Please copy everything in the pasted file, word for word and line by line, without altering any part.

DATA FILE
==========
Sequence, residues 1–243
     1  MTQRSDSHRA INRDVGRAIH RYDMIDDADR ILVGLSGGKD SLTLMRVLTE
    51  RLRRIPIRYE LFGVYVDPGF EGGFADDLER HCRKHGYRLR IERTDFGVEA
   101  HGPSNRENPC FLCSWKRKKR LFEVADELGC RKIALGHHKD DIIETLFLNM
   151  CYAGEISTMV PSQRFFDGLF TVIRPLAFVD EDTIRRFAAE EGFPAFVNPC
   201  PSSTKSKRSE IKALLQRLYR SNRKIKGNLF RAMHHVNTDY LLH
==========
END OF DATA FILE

Sequence, residues 1–243
     1  MTQRSDSHRA INRDVGRAIH RYDMIDDADR ILVGLSGGKD SLTLMRVLTE
    51  RLRRIPIRYE LFGVYVDPGF EGGFADDLER HCRKHGYRLR IERTDFGVEA
   101  HGPSNRENPC FLCSWKRKKR LFEVADELGC RKIALGHHKD DIIETLFLNM
   151  CYAGEISTMV PSQRFFDGLF TVIRPLAFVD EDTIRRFAAE EGFPAFVNPC
   201  PSSTKSKRSE IKALLQRLYR SNRKIKGNLF RAMHHVNTDY LLH